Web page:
Posted in: Disc Reviews by David Annandale on November 2nd, 2009
John Krasinski and Maya Rudolph are a pair of 30-somethings who are expecting their first child. They have been counting on Krasinski’s parents to step in and help, but when these two suddenly announce that they’re moving to Belgium, our “heroic” couple embarks on a road trip to find the perfect place to settle down and have their baby. Numerous encounters with eccentric characters is the order of the day.
The script is by real-life literary couple Dave Eggers and Vendela Vida, and it is clever. Too clever by half, in fact. What we see on the screen are not characters. Rather, they are actors spouting the dialogue put in their mouths by two writers enamored of their own wit. Sure, arch, stylized dialogue can work brilliantly (paging the Coen Brothers), but what we have here is merely precious. Deeply irritating.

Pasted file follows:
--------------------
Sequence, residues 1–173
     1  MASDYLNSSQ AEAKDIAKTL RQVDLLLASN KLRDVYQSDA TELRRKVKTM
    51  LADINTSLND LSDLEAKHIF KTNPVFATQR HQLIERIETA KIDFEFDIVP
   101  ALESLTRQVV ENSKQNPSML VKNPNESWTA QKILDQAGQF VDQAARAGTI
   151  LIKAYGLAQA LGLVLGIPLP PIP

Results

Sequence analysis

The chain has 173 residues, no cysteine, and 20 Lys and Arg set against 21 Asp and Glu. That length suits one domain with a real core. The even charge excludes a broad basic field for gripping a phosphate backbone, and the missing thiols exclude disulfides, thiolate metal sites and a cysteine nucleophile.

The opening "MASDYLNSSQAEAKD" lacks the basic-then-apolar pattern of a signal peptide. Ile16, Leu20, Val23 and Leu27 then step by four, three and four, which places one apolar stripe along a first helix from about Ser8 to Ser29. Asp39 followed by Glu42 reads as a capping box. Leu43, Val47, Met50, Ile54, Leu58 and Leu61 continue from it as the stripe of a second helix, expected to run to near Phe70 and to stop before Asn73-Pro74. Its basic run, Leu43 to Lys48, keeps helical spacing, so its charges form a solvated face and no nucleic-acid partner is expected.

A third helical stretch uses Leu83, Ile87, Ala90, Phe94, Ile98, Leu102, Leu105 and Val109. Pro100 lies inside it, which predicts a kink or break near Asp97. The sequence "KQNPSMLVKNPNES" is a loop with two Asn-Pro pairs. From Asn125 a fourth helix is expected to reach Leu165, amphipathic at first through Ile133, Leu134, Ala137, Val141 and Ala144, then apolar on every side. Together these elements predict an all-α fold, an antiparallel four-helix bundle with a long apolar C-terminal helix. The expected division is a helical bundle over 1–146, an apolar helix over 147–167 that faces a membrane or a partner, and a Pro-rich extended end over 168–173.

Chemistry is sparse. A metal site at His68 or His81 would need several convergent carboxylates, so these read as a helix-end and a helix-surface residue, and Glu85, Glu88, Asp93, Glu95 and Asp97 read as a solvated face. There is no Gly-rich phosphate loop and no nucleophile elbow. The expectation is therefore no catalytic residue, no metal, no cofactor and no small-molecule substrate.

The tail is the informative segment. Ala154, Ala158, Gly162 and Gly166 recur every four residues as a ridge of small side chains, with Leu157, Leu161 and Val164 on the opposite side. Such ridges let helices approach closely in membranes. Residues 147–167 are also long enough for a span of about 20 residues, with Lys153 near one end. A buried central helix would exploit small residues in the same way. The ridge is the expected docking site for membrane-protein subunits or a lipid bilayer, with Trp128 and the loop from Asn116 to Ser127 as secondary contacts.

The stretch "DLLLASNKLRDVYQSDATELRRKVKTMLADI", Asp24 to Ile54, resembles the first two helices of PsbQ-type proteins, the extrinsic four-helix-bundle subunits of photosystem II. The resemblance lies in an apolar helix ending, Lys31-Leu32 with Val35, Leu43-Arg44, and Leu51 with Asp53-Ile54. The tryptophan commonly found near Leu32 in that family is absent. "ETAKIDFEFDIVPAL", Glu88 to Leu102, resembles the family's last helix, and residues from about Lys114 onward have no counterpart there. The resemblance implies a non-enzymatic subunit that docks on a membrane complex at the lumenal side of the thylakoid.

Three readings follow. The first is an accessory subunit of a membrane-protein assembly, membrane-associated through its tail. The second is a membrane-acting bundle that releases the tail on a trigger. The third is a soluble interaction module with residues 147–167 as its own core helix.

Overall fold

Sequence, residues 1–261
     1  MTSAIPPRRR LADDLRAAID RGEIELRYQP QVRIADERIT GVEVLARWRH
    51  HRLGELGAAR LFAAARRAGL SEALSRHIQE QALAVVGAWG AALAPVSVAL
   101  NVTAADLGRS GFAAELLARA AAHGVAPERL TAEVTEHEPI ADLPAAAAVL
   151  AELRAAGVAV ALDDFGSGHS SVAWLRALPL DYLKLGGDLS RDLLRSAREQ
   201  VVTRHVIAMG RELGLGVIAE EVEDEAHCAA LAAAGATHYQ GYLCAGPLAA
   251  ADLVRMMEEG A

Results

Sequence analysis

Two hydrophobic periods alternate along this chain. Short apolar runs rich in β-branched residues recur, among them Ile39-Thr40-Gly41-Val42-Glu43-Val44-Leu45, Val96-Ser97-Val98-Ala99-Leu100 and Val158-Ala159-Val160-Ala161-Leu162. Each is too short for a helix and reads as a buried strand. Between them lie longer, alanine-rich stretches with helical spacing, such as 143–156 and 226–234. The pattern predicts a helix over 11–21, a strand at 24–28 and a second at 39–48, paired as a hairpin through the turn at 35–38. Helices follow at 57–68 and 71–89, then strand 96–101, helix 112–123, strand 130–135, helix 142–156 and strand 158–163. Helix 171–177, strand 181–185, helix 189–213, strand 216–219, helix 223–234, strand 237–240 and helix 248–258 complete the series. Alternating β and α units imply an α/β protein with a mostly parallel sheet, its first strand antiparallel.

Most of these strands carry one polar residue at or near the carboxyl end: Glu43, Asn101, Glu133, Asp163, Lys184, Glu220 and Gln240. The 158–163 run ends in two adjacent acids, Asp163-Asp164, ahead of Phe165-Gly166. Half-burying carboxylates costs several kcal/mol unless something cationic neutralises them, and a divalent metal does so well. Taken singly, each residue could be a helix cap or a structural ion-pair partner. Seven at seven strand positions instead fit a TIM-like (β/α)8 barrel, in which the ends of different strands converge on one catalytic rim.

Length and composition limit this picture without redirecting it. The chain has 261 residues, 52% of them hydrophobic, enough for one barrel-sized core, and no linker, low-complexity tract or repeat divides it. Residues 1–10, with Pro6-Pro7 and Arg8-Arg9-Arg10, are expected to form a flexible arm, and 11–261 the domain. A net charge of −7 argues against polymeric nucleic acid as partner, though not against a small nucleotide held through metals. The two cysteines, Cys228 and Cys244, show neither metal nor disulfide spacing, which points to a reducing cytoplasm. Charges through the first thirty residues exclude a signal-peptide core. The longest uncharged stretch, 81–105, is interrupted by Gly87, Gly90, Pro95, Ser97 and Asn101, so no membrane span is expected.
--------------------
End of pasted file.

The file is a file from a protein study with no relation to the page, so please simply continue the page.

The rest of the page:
For the most part, the colours are fine, with good contrasts and flesh tones. The image is sharp, and there is no grain. So far, so good, and anything less would have been unforgivable in the Blu-Ray format. However, the blacks are less than perfect. Much of the time, they work all right, but some night scenes look washed out and more grey than black.
No such reservations with the audio. The track is very nice, with a distinct, but subtle use of surround that creates an environment without being obtrusive. The music and dialogue work well, too, and the result is the sort of quiet elegance one associates with, say, Wes Anderson. It is very much in keeping with the tenor of the film, and if you like the film (which, obviously, I didn’t), the sound will be a perfect match for it.
Commentary Track: Eggers, Vida and director Sam Mendes get together for this track, and here the articulate wit of all involved is rather more welcome. The comments are informative, and the chat is engaging.
My Scenes and BD Live: Send clips of your favouite moments from the film to your friends, and watch trailers and the like (all of which obviously requires an Internet connection).
The Making of Away We Go: (16:13) Typical promotional fluff.
Green Filmmaking: (6:38) A short featurette on the environmental good behaviour of the filmmakers..
Sorry, but this thing has brought out my inner Scrooge. This is a movie way, way too pleased with itself.